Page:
Awareness, Thankfulness and the Monsoon
We have had a long, dry and drought-like winter, spring, and early summer. It is only recently that the temperature, humidity, and dew point have been rising as we have begun our yearly summer rains, the summer monsoon. Have you felt a sense of appreciation during this time?
This season, when we usually get our most plentiful rainfall, is a gift of nature that provides and transforms a normally dry and hot desert climate into a wet, green, cloud-show panorama, second only to the East Indian monsoon. The grandeur of this phenomena and its ability to bring tremendous winds, flooding, and hail is unprecedented.
We may enjoy the majesty of these summer storms and at the same time we are challenged to call upon our capacity to be mindful, aware, and prepared for both its beauty and dangers. During this special weather pattern we have the opportunity to refine our senses by listening to the first pitter-patter of raindrops on the roof, the rumblings of portending thunder, the darkening of the skies as the storm builds, the howling winds, the intensity of deep downpours of pounding rain. And with our eyes, we see the sky illuminated with streaks and bolts of lightning, the puddles growing enormous in size until they may turn into rivers, and the sunlit streaks of light, luminescent with rainbows that glorify the horizon as the rapture of quiet begins to arrive and the weather softens. We then hear the chirping of the cicadas in the background. And we cannot forget the aroma of chaparral, the greening of the desert and our gardens and the dampness that pervades the air.
All of this is enhanced by paying attention to the here and now. There is so much to learn, to receive. And we have the wonder of nature’s patterns and rhythms to be grateful for. We are alerted to anything that can cause harm and enthralled by the dance of our senses. Mindfulness, Sati, remembering what is occurring moment by moment is the gateway into fully being alive.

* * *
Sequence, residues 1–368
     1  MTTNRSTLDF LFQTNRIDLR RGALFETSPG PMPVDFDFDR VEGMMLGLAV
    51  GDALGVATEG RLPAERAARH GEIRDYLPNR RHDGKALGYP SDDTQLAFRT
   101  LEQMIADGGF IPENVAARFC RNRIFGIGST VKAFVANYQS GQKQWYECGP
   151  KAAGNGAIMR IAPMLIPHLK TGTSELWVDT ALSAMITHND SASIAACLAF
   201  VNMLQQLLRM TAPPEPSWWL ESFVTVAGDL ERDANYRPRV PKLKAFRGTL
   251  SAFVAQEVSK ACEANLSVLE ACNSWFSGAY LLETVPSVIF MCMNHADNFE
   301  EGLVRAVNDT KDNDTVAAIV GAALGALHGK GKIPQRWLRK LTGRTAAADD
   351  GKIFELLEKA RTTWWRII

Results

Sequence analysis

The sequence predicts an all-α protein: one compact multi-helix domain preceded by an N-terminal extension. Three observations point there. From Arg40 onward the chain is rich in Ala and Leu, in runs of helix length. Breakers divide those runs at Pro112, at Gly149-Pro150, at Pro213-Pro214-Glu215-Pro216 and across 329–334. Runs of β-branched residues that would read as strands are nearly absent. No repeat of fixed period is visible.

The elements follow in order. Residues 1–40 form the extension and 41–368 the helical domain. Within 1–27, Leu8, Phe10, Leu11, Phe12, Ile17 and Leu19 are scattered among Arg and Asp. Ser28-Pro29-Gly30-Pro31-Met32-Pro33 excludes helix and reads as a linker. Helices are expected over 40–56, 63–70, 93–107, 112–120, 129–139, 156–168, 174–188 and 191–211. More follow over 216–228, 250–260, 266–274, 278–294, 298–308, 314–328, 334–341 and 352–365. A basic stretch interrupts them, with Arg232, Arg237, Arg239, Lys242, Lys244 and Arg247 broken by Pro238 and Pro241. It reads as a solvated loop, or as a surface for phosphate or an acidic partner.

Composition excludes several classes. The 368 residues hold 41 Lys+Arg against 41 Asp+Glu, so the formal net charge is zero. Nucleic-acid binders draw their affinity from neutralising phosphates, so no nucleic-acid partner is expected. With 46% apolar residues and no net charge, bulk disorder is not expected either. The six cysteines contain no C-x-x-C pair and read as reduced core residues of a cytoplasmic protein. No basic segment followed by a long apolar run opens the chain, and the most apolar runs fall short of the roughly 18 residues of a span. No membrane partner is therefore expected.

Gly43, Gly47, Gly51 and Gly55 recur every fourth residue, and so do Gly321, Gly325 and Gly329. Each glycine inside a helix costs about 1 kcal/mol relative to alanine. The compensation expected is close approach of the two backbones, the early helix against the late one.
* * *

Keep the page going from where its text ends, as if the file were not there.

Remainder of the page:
During this time let us all awaken to our responsibility to do what we can to preserve this dwindling habitat. Conserve water, keep your air-conditioning system on moderate temperature, plant new native trees, and help in some way with the invasive buffalo grass. Be a mentor for nature and the environment.
Whether we’re seeking inner peace or global peace or a combination of the two, the way to experience it is to build on the foundation of unconditional openness to all that arises. Peace isn’t an experience free of challenges, free of rough and smooth — it’s an experience that’s expansive enough to include all that arises without feeling threatened. — Pema Chodron
May you all have a wonderful second summer.